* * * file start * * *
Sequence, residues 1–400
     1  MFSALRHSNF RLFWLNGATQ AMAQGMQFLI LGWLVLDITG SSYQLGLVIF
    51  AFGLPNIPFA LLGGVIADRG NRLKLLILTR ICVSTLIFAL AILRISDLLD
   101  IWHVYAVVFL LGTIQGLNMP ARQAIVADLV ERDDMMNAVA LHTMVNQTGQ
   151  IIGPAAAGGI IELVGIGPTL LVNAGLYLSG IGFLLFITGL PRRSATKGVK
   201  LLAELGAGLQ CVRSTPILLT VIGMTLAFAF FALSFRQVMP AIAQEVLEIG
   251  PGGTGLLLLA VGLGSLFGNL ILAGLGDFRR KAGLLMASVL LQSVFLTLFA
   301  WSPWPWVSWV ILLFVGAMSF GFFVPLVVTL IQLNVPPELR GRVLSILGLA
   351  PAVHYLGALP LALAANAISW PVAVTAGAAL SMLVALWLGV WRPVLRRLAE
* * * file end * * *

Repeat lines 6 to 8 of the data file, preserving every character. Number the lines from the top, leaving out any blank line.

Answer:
   201  LLAELGAGLQ CVRSTPILLT VIGMTLAFAF FALSFRQVMP AIAQEVLEIG
   251  PGGTGLLLLA VGLGSLFGNL ILAGLGDFRR KAGLLMASVL LQSVFLTLFA
   301  WSPWPWVSWV ILLFVGAMSF GFFVPLVVTL IQLNVPPELR GRVLSILGLA